This year there will be a large variety of commemorative events celebrating the 150th anniversary of the opening of the Port of Yokohama, and the Yokohama Noh Theater has organized an exhibition for June titled ”Noh Costumes that Crossed the Seas.“ Can you tell us something about what this exhibition involves?
    Since the opening of Japan at the start of the Meiji Period (1868-1912), many Noh masks and Noh costumes from the Edo Period (1603-1867) and earlier were taken overseas by collectors and found their ways into the collections of museums in North America and Europe. One such collection of Noh costumes is in the Städtische Galerie im Lenbachhaus in Munich, Germany. This is a museum occupying the mansion of the wealthy portrait painter Lenbach of the Bismarck era, and since it is not a museum specializing in Asian art, its curators didn’t really know the value of the Noh costumes in its collection. This collection was discovered by the Noh costume researcher Yamaguchi I mentioned earlier. When we heard about this, we made a plan to bring the collection back to Japan for restoration and, while it was here, to make re-creations of the costumes and use them in a Noh production.
    Studying the costumes some old records were found revealing the interesting fact that they had been used at the time as costumes for the operetta Mikado (*). Because the title referred to the Emperor of Japan, it was considered disrespectful of the Imperial Family in prewar Japan and thus banned from being performed here. In fact, however, it had actually been performed in Yokohama’s ex-patriot district in 1887 under the title ”Sotsugyo Shita Sannin no Otome“ (Three Graduated Debutantes). Considering this fact as well, we decided to produce a performance of Mikado.
    The operetta will not be held at the Yokohama Noh Theater but at the Yokohama Kaikou Memorial Museum that was built in 1917 to commemorate the 50th anniversary of the opening of the Port of Yokohama. This is one of the representative buildings remaining in Yokohama that was built in the pseudo-Western style of that period, so don’t you think it is interesting that it should be the site of a performance of an operetta that reflected the Japonism movement that had such a big influence on Western culture a century or so ago?
    We also plan to hold the exhibition of Noh costumes in Germany, and we hope that it will promote an understanding of the fact that Noh costumes are not just expendables but meaningful works of art in themselves and also an understanding of the cultural and historical backgrounds. We won’t be able to put on a performance of Noh but we will provide a video for the German audience to watch.

What kinds of things do you plan to do for the future?
    We have two key words that will be guiding our plans for the future. They are ”soft power“ and ”multiculturalism.“
    Soft power is a concept of international politics put forward by Joseph Nye, who is designated to be the next U.S. ambassador to Japan. It proposes that when a country wishes to exert influence on other countries or the international community, it is important to not depend solely on the traditional ”hard power,“ exemplified by military power, but to also employ the various forms of ”soft power,“ as exemplified by the arts and culture. It assumes that the arts and culture have the power to change the world.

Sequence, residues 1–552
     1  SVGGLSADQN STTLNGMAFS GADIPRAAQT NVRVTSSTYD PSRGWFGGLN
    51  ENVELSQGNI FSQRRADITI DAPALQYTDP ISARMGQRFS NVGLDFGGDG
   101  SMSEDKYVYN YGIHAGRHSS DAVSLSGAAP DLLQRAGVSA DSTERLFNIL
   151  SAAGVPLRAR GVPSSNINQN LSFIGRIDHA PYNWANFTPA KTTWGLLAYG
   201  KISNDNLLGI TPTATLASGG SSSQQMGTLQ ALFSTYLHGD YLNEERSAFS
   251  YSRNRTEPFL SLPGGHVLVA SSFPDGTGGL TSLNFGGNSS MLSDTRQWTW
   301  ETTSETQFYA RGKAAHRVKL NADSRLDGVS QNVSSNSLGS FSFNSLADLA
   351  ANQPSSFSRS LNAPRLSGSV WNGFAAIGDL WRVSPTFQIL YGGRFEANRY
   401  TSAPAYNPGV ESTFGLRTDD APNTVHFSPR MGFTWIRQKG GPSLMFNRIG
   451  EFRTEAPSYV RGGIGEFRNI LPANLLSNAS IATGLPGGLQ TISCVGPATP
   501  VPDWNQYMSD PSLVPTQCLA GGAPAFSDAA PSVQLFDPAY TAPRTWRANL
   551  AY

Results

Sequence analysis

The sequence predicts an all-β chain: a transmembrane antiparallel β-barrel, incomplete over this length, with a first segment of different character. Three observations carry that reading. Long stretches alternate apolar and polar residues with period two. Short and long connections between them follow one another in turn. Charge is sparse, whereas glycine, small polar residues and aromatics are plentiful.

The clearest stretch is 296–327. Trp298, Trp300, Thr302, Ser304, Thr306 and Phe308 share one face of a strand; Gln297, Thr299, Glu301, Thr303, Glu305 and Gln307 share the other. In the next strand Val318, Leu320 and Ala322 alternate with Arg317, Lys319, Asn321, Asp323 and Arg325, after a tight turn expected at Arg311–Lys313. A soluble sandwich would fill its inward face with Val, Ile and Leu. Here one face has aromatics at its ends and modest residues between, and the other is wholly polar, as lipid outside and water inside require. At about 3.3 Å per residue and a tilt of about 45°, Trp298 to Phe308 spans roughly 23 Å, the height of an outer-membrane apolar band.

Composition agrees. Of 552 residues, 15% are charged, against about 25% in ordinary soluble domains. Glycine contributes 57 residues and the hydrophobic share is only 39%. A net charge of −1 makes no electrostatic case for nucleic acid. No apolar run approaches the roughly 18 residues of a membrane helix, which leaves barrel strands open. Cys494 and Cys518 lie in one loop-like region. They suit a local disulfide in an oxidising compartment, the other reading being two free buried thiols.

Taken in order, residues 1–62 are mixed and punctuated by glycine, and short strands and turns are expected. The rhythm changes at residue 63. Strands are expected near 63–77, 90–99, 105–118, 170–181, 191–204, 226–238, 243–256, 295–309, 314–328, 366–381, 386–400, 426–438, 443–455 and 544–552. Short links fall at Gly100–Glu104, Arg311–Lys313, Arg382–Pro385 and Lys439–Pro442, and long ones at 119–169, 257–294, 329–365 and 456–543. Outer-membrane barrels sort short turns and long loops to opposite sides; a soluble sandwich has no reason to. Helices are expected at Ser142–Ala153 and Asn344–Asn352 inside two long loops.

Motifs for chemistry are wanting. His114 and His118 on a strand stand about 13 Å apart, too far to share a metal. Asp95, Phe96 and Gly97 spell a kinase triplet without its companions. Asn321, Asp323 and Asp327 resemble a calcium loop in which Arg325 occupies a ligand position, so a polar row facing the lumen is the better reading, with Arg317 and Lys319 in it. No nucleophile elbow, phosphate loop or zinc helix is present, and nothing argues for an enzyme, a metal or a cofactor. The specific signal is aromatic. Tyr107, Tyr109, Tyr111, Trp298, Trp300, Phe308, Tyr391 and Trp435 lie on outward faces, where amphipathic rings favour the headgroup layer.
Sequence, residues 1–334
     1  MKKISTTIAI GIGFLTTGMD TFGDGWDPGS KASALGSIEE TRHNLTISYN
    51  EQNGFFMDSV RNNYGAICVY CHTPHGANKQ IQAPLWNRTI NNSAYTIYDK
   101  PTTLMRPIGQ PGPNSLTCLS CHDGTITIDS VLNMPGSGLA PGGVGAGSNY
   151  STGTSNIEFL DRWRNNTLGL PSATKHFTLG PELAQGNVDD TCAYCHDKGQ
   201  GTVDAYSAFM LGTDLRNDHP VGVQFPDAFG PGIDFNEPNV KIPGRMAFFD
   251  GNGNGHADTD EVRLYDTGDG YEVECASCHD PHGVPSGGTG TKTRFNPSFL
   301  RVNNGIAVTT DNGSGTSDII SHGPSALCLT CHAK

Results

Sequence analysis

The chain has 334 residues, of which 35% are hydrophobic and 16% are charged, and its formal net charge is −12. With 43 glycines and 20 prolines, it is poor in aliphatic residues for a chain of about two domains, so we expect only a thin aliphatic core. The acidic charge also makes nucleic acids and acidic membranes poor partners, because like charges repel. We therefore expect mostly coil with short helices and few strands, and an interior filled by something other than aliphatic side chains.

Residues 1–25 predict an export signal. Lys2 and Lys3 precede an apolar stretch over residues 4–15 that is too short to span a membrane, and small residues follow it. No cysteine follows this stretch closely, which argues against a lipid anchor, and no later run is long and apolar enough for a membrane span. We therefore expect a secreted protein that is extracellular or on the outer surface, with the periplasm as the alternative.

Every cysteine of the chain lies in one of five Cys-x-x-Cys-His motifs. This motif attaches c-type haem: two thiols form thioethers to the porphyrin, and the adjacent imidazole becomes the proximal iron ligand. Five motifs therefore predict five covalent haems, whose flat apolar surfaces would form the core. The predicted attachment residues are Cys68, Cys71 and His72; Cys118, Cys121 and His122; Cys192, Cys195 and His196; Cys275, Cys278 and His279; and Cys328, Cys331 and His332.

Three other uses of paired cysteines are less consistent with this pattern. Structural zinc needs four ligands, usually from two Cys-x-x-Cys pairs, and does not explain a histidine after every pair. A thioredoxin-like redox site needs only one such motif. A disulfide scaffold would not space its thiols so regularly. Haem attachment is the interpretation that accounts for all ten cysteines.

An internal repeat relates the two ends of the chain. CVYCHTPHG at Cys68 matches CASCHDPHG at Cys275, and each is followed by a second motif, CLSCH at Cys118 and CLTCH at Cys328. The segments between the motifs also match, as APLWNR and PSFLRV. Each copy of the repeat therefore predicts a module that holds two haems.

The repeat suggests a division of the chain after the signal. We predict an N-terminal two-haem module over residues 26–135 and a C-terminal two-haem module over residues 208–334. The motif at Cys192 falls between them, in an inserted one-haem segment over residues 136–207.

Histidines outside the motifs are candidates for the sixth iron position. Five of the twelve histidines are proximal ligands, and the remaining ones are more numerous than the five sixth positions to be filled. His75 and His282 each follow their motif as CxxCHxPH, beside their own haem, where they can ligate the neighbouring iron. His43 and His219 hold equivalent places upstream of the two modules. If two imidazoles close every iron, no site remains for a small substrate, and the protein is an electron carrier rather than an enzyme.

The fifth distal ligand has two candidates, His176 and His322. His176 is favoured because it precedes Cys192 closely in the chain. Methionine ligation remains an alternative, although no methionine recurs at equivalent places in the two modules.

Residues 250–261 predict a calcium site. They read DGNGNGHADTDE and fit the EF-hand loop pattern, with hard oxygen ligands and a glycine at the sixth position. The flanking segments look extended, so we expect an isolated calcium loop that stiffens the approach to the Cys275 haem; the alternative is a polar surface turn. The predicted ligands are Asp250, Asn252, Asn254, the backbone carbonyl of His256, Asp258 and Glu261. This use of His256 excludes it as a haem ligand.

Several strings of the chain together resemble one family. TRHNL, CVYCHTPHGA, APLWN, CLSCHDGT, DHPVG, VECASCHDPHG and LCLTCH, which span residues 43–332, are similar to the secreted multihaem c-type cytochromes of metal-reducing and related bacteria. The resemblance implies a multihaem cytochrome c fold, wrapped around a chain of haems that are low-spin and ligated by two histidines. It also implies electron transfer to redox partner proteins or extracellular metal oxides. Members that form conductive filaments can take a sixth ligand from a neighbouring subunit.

The arts and culture also have the potential to be used as tools to combat the problems such as poverty, the environment and stimulating economic growth that face today’s society. I want us to promote projects that use the arts and culture as a means to address these social issues. It does not have much appeal if we just ask potential sponsors to provide funds simply for ”art for art’s sake.“ From now on we have to be able to say to them, ”Art can be used to solve such-and-such a problem.“ I want to be able to show them specific plans that demonstrate ways that art can change society.
    Also, I believe that the classical and traditional arts are very useful for promoting mutual understanding between peoples in today’s globalizing world. Because discovering the cool or fascinating aspects of another country’s culture can turn people’s opinions and sense of value around 180 degrees. That is the meaning and value of ”multiculturalism.“
    As part of these efforts, I want to provide the means for people of various ethnic backgrounds living in Japan today to be able to show their arts and culture to audiences, such as the Japan-resident Koreans, Chinese, Brazilians and Vietnamese. There must be many such people living in Japan today who have the ability to perform their unique ethnic arts. I want to search these people out and give them opportunities to perform and develop their arts. A lot of regional ”interior culture“ also exists in Japan, and I want us to provide the opportunities for more people to realize and appreciate this culture.
    In the classical and traditional arts exist a precious core that represents the essence of the performing arts and spiritual substance of their respective country or ethnic group that have been nurtured over many generations. The important thing for us is to think how we can present these arts with positive impact and without destroying that precious core.
    It is important to realize that, unlike producing contemporary arts, the traditional performing arts represent a vast accumulation of essence from the past. In that essence it is possible to find new potential for the future. To present them in a way that makes that potential accessible requires a lot of knowledge that enables one to present them within the proper framework and, basically, I believe that a true producer is someone who has the ability to put forward missions and concepts and then do the simulations necessary to bring them to the stage successfully.